Fri, Sep 30, 2011 - Page 1 News List

China halts shadowy alternative to Nobel Peace Prize


China’s culture ministry has ordered organizers of a shadowy alternative to the Nobel Peace Prize to scrap the ceremony, saying they were not given official permission to promote the event.

The “Confucius Peace Prize” emerged for the first time last year, when it was suddenly announced by a group two days before jailed Chinese dissident Liu Xiaobo (劉曉波) was awarded the Nobel amid furious protests from Beijing.

Members of the jury at the time, many of them professors, awarded the prize to former Taiwanese vice president Lien Chan (連戰) at a chaotic press conference, although Lien’s office denied all knowledge of the award.

Earlier this month at a press briefing, organizers announced candidates for this year’s prize that included China’s controversial choice, the Panchen Lama, and Russian Prime Minister Vladimir Putin.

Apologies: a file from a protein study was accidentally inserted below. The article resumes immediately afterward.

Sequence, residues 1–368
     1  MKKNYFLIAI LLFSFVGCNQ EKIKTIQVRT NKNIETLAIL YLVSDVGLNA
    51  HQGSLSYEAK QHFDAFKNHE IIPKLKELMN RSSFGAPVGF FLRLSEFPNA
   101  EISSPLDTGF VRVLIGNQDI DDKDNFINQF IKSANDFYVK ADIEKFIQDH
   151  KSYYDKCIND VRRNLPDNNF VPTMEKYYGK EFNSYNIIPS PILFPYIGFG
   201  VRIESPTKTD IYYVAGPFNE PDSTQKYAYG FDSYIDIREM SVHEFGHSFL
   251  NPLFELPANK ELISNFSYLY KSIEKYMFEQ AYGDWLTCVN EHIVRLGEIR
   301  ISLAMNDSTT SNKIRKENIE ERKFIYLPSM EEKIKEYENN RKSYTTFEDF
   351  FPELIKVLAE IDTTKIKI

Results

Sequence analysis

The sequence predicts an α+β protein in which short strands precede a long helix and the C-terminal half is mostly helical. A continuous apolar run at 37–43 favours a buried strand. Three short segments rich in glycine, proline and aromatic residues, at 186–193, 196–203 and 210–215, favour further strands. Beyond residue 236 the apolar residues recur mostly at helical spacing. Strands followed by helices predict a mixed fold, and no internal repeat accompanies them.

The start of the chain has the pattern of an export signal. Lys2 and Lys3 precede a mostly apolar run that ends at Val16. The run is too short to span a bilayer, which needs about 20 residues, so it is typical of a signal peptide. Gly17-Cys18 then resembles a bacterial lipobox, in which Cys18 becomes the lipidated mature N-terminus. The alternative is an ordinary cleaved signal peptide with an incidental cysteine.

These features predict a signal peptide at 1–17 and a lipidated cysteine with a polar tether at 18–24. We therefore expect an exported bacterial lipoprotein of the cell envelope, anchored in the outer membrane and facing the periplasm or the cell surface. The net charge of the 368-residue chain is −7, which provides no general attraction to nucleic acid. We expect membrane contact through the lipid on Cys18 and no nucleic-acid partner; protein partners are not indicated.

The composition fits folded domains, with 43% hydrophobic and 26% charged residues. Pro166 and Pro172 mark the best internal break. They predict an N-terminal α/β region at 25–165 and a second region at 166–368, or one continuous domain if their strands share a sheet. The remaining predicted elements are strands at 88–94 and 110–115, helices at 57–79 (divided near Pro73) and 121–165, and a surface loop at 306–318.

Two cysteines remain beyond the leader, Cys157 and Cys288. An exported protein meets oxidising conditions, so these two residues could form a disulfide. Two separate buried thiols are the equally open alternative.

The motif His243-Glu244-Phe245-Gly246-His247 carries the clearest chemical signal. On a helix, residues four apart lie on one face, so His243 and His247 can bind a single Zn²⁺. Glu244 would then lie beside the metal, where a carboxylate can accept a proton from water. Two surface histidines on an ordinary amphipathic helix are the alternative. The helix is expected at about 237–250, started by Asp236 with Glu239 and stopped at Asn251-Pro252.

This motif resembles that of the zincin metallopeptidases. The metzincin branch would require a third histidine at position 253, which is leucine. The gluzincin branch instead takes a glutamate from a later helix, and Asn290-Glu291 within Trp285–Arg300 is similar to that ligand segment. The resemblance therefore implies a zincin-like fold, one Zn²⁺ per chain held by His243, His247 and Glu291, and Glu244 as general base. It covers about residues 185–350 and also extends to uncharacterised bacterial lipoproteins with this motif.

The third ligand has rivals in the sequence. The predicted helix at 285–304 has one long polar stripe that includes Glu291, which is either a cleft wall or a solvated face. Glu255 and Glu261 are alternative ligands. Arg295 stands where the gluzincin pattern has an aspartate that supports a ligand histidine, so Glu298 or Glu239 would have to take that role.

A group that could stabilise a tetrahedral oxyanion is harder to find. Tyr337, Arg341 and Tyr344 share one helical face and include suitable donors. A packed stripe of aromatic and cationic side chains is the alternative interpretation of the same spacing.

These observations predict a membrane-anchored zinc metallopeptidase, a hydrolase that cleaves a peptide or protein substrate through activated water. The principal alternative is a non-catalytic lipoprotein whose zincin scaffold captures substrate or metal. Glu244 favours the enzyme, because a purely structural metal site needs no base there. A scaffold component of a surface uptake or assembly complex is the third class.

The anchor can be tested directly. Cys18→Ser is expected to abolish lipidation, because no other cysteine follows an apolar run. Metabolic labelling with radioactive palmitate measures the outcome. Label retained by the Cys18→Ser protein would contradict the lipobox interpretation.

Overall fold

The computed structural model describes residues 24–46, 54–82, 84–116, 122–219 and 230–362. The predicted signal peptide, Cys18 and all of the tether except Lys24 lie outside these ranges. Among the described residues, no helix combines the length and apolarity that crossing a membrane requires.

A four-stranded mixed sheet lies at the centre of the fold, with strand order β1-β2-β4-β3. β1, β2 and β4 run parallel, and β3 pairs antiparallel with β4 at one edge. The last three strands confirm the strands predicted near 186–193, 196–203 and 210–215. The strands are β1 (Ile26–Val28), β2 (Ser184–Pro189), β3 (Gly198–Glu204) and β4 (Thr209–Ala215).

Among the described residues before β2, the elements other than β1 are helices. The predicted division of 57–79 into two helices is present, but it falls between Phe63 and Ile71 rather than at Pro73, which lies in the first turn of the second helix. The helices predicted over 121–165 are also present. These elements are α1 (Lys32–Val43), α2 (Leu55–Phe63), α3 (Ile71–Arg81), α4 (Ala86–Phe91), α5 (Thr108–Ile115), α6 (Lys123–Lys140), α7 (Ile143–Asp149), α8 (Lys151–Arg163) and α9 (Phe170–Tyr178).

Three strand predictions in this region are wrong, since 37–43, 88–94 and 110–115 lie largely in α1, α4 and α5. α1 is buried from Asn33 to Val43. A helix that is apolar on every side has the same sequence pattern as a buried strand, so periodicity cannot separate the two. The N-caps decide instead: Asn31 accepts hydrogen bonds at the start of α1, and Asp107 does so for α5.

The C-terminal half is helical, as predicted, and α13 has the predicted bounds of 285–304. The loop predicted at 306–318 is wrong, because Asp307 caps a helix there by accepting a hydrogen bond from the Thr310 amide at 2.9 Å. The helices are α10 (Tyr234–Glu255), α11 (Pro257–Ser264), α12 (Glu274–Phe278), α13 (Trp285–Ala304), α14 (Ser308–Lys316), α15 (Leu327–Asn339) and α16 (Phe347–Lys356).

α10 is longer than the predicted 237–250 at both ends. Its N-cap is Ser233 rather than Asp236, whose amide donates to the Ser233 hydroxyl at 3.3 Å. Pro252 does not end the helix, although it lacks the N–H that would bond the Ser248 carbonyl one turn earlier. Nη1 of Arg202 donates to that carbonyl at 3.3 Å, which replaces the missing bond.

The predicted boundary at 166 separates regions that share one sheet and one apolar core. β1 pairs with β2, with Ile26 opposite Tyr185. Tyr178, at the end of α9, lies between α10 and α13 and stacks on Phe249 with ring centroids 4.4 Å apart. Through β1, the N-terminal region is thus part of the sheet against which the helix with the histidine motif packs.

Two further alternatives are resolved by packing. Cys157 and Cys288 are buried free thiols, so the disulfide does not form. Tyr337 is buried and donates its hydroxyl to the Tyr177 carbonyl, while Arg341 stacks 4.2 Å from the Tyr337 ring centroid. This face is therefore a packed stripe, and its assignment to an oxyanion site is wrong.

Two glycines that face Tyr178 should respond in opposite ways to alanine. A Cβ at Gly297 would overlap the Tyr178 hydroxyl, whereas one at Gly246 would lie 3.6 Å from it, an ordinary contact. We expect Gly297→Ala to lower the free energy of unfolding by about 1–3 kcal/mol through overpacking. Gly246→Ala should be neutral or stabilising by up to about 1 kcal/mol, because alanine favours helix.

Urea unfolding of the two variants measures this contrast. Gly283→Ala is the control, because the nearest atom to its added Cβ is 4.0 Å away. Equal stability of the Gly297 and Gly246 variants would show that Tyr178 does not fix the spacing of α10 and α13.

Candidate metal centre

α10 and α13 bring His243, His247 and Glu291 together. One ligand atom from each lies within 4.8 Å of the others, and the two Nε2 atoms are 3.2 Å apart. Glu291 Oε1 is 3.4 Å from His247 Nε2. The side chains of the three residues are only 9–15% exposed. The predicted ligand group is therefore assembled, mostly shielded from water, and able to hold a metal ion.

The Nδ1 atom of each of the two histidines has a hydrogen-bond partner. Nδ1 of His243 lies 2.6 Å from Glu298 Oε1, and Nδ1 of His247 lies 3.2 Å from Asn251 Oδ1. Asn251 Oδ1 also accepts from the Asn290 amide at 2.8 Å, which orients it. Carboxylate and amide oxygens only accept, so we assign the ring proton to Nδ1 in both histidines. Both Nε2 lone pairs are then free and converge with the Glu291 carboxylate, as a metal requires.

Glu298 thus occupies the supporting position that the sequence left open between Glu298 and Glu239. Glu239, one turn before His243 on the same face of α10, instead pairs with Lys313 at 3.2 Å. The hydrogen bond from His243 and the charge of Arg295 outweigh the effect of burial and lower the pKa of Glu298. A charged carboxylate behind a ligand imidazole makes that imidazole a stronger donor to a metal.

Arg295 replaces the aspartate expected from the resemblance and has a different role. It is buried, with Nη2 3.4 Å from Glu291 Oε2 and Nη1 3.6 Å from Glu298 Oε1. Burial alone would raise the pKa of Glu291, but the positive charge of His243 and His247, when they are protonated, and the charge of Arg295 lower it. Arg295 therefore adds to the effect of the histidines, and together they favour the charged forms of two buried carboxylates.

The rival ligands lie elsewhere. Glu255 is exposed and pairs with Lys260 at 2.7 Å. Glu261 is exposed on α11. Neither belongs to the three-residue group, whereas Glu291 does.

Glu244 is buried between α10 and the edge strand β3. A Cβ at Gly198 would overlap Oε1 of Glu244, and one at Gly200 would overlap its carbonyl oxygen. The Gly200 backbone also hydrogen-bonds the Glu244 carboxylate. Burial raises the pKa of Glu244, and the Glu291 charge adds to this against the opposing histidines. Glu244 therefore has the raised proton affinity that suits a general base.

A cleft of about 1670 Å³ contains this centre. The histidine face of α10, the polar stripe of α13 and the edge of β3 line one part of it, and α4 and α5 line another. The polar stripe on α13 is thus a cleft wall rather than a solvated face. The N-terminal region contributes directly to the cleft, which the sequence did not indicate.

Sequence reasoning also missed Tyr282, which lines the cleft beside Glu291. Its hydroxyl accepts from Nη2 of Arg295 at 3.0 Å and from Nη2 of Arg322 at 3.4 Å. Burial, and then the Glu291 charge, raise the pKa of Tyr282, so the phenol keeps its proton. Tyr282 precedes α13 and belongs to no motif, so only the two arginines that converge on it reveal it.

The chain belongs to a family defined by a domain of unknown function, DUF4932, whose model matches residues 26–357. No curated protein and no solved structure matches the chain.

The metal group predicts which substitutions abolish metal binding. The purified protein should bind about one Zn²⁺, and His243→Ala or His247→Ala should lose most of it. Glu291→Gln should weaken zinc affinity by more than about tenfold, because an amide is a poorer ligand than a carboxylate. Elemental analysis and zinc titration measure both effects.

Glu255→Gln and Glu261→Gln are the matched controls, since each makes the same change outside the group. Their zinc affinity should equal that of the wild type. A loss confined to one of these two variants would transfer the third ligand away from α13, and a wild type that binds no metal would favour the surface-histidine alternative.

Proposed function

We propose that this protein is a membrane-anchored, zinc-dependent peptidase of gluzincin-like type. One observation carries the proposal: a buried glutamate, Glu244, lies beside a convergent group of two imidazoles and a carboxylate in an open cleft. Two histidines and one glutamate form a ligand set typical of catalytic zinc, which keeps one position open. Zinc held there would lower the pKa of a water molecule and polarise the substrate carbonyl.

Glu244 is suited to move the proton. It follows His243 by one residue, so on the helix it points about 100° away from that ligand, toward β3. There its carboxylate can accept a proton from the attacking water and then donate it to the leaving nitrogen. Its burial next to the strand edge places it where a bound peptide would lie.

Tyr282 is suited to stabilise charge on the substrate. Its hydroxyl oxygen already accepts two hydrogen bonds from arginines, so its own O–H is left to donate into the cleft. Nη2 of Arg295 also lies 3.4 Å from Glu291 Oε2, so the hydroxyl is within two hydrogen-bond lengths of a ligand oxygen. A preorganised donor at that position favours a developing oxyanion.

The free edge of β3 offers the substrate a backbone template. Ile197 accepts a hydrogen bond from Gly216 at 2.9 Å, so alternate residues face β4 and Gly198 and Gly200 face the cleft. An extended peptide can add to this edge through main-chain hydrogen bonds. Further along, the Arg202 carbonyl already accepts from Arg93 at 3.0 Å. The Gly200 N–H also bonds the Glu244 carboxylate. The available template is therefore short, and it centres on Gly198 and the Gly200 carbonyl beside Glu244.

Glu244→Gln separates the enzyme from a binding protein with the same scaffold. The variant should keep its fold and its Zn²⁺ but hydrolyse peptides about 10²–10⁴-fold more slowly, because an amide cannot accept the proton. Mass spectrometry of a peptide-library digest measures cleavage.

However, the Chinese culture ministry said this week the award’s organizer — the China Native Art Association’s Traditional Culture Protection Bureau, which has links to the ministry — had not received permission to promote the event at the briefing.

“It was decided to stop the [organization] from holding the Second Annual Confucius Peace Prize award activity,” it said in a statement posted on its Web site.

Nevertheless, the award’s executive chairman Liu Haofeng said the ceremony would still go ahead as planned in December, adding that other organizations were competing to sponsor the prize, although he declined to name them.

“It is just the removal of the previous organizer,” Liu said.

“The prize is not canceled. The schedule remains unchanged and the ceremony will be held on Dec. 9,” Liu said.

The award’s timing last year sparked intense speculation that it had been set up with Beijing’s guidance to counter the Nobel Peace Prize given to Liu, but members of the jury at the time denied links with the government.

Apart from the Panchen Lama and Putin, candidates for the prize this year also include German Chancellor Angela Merkel, South African President Jacob Zuma and Chinese agricultural scientist Yuan Longping (袁龍萍).

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